The ongoing struggle of Aboriginals in their homeland

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‘Aboriginal persons’ or ‘first people’s’ are terms used to refer to the indigenous people of Canada. Their history in Canada dates back thousands of years before the early European settlers arrived on this vast and beautiful land. After the arrival of the Europeans, Aboriginal history took an unquestionably dark turn. From having their land and resources occupied to having their children stripped away, the aboriginal peoples of Canada have faced countless atrocities at the hands of ‘European settlers,’ or more precisely put, ‘foreign invaders.’ The lasting impact of these wrongdoings on today’s generations of Aboriginal persons is very evident as they tend to have higher rates of unemployment, crime, infant mortality, suicide, depression and alcohol & drug use.[1] These members of the Aboriginal community are products of the “Indian Residential Schools” which were formed by the Department of Indian Affairs and Northern Development to detach Aboriginal children from their culture and heritage and assimilate them into European influenced society. It may shock you to discover that the most recently closed federally run ‘Residential School’ was operational until 1996. It is unquestionably sad to observe the negative impact that the actions of early European settlers had on the current generations of Canada’s indigenous people. At Kanata Job, we believe it is our duty to minimize this negative impact for their future generations.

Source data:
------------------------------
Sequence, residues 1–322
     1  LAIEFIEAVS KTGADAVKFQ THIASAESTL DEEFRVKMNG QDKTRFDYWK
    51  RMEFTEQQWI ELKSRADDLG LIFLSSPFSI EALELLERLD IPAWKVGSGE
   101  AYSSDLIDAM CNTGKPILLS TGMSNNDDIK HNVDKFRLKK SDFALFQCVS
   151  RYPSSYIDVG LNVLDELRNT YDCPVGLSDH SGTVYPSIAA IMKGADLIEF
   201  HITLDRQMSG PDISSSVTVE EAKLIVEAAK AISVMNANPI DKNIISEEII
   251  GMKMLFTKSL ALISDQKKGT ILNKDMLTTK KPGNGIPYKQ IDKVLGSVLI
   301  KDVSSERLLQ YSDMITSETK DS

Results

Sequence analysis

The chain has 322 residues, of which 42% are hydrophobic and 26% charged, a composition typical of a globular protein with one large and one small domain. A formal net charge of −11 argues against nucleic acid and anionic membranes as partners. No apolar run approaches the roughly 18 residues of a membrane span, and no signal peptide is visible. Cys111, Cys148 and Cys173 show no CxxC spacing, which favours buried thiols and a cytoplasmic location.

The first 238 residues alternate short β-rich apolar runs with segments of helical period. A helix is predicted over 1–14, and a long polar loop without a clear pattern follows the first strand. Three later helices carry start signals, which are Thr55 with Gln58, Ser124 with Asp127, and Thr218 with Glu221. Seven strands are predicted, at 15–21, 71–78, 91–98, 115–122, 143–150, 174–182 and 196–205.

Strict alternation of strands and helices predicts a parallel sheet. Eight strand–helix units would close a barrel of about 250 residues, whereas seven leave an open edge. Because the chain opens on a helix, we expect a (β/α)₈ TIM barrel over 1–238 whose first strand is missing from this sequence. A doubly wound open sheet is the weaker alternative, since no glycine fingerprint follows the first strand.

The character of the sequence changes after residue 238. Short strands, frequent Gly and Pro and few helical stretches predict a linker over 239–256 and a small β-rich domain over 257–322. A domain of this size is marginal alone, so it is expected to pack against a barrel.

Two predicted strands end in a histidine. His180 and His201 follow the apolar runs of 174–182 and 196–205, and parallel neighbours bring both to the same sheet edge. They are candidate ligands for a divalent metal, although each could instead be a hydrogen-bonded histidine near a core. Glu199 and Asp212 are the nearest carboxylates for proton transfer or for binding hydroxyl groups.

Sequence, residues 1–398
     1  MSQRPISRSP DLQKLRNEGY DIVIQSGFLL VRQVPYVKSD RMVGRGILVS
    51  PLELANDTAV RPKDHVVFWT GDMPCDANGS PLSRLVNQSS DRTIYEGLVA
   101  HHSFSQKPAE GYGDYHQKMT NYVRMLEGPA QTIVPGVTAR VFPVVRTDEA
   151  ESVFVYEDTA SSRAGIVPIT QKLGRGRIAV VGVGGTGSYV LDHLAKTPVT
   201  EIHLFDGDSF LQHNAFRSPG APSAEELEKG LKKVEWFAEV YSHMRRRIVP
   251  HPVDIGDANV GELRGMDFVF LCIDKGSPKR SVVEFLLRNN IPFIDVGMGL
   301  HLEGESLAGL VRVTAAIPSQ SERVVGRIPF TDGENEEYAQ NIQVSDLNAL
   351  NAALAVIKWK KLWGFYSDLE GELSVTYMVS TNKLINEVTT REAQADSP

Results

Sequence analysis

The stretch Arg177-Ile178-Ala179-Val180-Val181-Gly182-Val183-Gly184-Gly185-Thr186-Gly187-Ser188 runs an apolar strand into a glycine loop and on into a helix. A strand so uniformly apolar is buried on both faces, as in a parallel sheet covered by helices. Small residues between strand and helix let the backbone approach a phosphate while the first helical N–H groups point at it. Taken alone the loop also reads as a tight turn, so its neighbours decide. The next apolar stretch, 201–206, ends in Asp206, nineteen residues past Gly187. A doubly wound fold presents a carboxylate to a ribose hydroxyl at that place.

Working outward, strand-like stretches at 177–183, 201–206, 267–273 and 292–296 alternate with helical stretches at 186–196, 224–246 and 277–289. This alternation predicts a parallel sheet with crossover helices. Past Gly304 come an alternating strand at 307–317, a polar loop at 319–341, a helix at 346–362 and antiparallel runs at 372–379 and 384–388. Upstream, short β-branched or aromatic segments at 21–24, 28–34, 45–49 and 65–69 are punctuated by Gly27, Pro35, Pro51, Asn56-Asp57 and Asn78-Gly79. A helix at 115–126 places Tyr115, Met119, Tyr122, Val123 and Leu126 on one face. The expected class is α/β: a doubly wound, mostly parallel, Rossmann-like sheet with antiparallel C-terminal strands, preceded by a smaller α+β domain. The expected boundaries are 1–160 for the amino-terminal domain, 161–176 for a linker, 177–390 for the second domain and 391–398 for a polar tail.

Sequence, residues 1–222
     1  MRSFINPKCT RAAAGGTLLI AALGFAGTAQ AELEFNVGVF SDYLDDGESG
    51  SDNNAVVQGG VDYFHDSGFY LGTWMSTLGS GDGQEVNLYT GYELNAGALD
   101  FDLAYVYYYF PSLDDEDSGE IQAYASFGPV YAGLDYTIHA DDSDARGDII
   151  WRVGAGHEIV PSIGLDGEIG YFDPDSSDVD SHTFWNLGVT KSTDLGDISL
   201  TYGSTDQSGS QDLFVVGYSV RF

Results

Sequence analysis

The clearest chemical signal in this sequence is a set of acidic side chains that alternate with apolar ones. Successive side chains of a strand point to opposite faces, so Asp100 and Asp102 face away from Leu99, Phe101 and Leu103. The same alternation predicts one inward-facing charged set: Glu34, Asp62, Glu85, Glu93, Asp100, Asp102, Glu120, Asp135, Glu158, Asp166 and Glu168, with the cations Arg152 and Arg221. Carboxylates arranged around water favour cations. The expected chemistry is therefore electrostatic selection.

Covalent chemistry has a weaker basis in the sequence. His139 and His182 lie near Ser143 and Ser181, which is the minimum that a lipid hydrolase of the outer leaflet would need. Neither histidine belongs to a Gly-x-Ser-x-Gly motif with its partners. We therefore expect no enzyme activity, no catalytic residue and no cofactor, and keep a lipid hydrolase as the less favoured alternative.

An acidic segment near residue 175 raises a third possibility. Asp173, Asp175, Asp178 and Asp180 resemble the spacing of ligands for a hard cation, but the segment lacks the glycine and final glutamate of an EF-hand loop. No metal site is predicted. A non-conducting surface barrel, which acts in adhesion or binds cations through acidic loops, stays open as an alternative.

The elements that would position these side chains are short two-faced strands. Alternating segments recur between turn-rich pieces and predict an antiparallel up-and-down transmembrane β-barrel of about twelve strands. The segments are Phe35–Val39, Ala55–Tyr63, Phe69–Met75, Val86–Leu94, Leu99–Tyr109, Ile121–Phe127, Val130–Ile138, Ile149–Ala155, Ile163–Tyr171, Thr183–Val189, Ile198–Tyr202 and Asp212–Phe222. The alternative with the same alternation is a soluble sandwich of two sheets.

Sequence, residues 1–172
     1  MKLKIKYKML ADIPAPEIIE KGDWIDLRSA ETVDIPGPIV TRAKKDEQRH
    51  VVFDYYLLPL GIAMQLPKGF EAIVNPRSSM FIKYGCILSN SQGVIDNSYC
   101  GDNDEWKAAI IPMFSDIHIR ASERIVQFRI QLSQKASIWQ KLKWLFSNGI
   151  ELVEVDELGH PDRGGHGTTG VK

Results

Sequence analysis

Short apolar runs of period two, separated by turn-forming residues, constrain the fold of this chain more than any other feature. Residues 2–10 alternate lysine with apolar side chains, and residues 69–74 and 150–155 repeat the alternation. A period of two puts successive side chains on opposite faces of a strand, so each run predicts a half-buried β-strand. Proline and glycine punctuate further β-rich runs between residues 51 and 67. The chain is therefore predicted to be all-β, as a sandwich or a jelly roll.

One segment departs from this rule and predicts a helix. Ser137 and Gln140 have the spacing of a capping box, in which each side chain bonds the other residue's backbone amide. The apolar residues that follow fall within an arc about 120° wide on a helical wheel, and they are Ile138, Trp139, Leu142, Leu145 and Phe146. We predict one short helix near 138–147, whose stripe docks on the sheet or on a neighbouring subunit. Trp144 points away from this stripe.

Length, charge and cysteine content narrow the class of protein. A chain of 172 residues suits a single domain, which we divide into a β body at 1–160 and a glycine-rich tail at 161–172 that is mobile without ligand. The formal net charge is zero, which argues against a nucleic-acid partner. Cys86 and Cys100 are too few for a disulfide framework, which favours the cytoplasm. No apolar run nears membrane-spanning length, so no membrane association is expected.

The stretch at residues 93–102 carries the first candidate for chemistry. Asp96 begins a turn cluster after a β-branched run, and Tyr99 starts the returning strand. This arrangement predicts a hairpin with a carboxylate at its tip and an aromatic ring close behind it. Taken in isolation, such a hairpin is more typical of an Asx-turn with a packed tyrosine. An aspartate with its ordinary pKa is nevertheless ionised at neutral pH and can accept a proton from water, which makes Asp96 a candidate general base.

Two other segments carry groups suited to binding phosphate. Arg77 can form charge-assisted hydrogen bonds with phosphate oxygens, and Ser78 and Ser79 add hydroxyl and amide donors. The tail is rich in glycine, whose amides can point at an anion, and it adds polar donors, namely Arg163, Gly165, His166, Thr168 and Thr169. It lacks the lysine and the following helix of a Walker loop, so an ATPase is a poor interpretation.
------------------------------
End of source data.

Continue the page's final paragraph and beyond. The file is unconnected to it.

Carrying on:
Based on the 2011 National Household Survey Aboriginal Demographics, “1,400,685 individuals in Canada identified themselves as being of Aboriginal descent.” 232,290 Aboriginal people were recorded to be present in B.C during the time. The employment rate for the Aboriginal working-age population has consistently been about 63% since 2006. However, this is alarmingly lower than the employment rate for non-Aboriginal individuals which stands at 76%.[2] Kanata Job enables employers to target members of Aboriginal descent directly to help eliminate this gap in employment rates. Advertise your job vacancies with us today to target skilled and professional local candidates while giving members of underrepresented groups such as Aboriginal Canadians the opportunity to apply for local jobs.

The following video showcases former Canadian prime minister Mr. Stephen Harper issuing a formal apology for the mistreatment of First Nations on June 11, 2008.

A formal apology may be comforting to some but does little to change the actual living conditions that members of the Aboriginal community find themselves in. We encourage members of the Aboriginal community and all Canadians to create a free account on our website today to apply for local jobs advertised by employers who believe in the importance of giving locals the first opportunity. Together, we can help reduce the struggles faced by the Aboriginal community.

Please do not underestimate the power that you have to help someone in need. And please do not forget, “with great power, comes great responsibility.” This holiday season, we encourage you to do your part to help make our beautiful country beautiful for all who inhabit it.

SOURCES

[1] http://www.heretohelp.bc.ca/visions/aboriginal-people-vol5/aboriginal-mental-health-the-statistical-reality

[2] Statistics Canada, 2011 National Household Survey, AANDC tabulations

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